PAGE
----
Take the 2-minute tour ×
Mathematics Stack Exchange is a question and answer site for people studying math at any level and professionals in related fields. It's 100% free, no registration required.

If we naïvely apply the formula $$\sum_0^\infty a^i = {1\over 1-a}$$ when $a=2$, we get the silly-seeming claim that $1+2+4+\ldots = -1$. But in the 2-adic integers, this formula is correct.

Surely this is not a coincidence? What is the connection here? Do the $p$-adics provide generally useful methods for summing divergent series? I know very little about either divergent series or $p$-adic analysis; what is a good reference for either topic?

share|improve this question
9  
What is the coincidence? The argument that justifies the convergence of geometric series applies in any complete normed field when $|a| < 1$, and in the $2$-adics this is true when $a = 2$. –  Qiaochu Yuan May 6 '12 at 23:02
2  
What exactly is your question? In any case, note that "divergent series" is closely related to the used norm. In the usual setting, $|2^{100}| = 2^{100}$ is large, but in a $2$-adic setting, $|2^{100}|_2 = 2^{-100}$ is small. So in a $2$-adic setting, this is really a convergent series. –  TMM May 6 '12 at 23:05
2  
Relevant –  Alex Becker May 6 '12 at 23:06

4 Answers 4

A counterexample may be interesting. Consider the sequence

$$ a_n = \frac{n!}{n! + 1} $$

In the real numbers, we obviously have

$$ \lim_{n \to +\infty} a_n = 1, $$

but in every $p$-adic field, we have

$$ \lim_{n \to +\infty} a_n = 0, $$

so you should be wary of the idea of trying to sum a series of real numbers by transplanting it to the $p$-adics.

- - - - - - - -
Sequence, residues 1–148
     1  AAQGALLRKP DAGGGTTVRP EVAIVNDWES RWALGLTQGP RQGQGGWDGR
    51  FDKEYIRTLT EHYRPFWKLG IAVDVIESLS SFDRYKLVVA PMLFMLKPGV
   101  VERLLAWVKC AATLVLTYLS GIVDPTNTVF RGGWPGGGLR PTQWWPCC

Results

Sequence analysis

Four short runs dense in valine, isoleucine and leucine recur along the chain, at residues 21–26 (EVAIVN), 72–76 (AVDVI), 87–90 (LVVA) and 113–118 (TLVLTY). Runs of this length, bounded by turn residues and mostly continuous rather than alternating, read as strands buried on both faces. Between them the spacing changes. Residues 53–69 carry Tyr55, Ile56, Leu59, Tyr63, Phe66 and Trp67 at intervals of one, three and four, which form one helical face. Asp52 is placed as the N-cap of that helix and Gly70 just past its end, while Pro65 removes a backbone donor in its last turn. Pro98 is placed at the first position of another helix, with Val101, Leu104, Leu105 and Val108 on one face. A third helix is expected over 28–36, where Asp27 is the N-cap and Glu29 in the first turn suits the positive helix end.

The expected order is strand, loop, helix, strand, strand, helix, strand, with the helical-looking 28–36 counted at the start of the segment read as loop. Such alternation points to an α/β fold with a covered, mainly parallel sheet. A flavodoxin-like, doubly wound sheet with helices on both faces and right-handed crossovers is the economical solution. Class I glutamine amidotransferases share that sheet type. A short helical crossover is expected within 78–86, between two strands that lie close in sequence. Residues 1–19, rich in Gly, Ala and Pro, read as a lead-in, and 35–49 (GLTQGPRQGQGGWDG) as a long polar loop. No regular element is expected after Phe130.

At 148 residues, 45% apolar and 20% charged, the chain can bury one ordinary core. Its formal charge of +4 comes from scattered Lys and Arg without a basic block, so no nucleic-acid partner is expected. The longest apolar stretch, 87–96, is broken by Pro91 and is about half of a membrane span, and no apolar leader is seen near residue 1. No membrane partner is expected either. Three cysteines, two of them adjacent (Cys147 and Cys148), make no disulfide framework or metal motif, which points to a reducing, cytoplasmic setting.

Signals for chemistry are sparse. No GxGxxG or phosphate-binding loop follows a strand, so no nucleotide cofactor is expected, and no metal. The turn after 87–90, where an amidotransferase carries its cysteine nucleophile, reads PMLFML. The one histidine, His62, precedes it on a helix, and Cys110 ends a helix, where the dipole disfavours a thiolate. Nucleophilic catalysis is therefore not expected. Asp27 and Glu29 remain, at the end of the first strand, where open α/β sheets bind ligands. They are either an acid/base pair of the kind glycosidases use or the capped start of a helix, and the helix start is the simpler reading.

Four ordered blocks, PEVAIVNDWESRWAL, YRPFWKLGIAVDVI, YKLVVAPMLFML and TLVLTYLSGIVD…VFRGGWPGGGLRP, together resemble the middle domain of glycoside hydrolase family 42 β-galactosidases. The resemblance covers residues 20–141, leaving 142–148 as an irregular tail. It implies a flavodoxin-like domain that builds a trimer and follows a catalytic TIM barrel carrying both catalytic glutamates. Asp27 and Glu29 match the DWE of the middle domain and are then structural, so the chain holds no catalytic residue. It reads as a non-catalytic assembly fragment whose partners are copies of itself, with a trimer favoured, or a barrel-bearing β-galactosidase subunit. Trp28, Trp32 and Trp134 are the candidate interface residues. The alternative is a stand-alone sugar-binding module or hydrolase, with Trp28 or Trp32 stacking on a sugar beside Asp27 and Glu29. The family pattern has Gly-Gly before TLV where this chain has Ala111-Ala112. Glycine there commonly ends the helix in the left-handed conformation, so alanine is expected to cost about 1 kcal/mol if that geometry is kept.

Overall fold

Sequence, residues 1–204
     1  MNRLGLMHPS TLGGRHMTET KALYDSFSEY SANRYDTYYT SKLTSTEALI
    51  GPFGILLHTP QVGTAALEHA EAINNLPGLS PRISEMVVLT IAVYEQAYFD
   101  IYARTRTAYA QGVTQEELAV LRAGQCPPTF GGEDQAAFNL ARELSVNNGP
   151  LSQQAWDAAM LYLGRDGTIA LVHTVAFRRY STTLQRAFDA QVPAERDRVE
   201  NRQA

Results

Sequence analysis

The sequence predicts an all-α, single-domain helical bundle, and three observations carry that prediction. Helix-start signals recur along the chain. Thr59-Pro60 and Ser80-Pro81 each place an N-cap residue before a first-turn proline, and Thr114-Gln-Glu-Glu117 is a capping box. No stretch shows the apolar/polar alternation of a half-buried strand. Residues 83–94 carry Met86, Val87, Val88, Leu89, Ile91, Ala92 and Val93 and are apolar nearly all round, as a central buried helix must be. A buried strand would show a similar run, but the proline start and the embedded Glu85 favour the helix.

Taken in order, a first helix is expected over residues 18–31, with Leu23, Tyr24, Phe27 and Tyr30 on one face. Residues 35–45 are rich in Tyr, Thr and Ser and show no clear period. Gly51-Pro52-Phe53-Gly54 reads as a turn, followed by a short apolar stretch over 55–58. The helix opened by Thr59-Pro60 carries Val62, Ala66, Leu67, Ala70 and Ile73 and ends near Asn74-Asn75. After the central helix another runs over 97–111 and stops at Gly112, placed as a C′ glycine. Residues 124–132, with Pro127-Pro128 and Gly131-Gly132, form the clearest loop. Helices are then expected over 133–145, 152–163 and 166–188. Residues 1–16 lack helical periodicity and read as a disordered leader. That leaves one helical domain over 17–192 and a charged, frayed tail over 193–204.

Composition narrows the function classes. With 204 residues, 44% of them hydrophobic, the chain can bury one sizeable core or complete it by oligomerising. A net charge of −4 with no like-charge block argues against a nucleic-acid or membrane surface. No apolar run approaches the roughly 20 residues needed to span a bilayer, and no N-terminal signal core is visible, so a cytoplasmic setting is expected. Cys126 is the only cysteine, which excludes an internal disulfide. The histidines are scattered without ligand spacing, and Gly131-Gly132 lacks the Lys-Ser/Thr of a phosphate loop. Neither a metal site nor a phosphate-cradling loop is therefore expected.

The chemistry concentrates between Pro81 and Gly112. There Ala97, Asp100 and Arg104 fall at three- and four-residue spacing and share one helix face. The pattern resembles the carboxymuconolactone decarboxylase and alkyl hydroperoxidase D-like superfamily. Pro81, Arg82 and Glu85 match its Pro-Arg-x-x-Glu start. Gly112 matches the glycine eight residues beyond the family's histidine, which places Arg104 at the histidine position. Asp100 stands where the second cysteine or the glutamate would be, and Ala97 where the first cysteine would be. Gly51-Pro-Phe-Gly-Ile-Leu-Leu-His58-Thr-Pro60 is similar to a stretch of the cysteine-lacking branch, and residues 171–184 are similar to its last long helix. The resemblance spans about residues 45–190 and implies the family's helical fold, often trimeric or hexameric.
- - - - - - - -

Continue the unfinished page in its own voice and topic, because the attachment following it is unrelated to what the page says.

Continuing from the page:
One thing you can consider is $\mathbb{Q}((x))$, the field of rational (formal) Laurent series. In this field, you have an identity

$$ \sum_{n=0}^{+\infty} x^n = \frac{1}{1-x}. $$

There is no issue of convergence or anything here; you just check that multiplying the left hand side by $1-x$ gives you $1$.

There is a subfield of $\mathbb{Q}((x))$ that consists of only those Laurent series for which replacing $x$ by $2$ yields a convergent $2$-adic sum. Evaluation at $2$ then becomes a field homomorphism to the $2$-adic numbers. Since $\sum_{n=0}^{+\infty} x^n$ is in that subfield, its image in $\mathbb{Q}_2$ must be the same as the image of $1/(1-x)$: i.e. $-1$.

Wikipedia has a page on divergent series which talks about "summation methods". You may find this another useful starting point.

share|improve this answer
1  
Yes, roughly speaking, the convergence of a sequence or series of rationals in the real sense is completely independent of its convergence $p$-adically. –  Lubin May 22 '12 at 19:22
1  
I wish I could upvote this a second time. –  MJD Aug 11 '12 at 12:45

This is not so much an answer as a related reference. I wrote a short expository note "Divergence is not the fault of the series," Pi Mu Epsilon Journal, 8, no. 9, 588-589, that discusses this idea and its relation to 2's complement arithmetic for computers.

share|improve this answer

As for references, Hardy wrote a book, Divergent Series, which seems to be available for download on the web. There are several books about the $p$-adics; Koblitz, $p$-adic Numbers, $p$-adic Analysis, and Zeta-Functions; Bachman, Introduction to $p$-adic Numbers and Valuation Theory; Gouvea, $p$-adic Numbers. There's also an article I wrote with Alf van der Poorten, Some problems concerning recurrence sequences, Amer. Math. Monthly 102 (1995) 698-705, MR 97a:11029.

share|improve this answer
up vote 2 down vote accepted

Qiaochu Yuan points out that it is not at all a coincidence: “The argument that justifies the convergence of geometric series applies in any complete normed field when $|a|<1$, and in the 2-adics this is true when $a=2$.” In the 2-adics, the sequence does indeed converge, and the only thing it can converge to is $1\over1-r$.

share|improve this answer

Your Answer

 
discard

By posting your answer, you agree to the privacy policy and terms of service.

Not the answer you're looking for? Browse other questions tagged or ask your own question.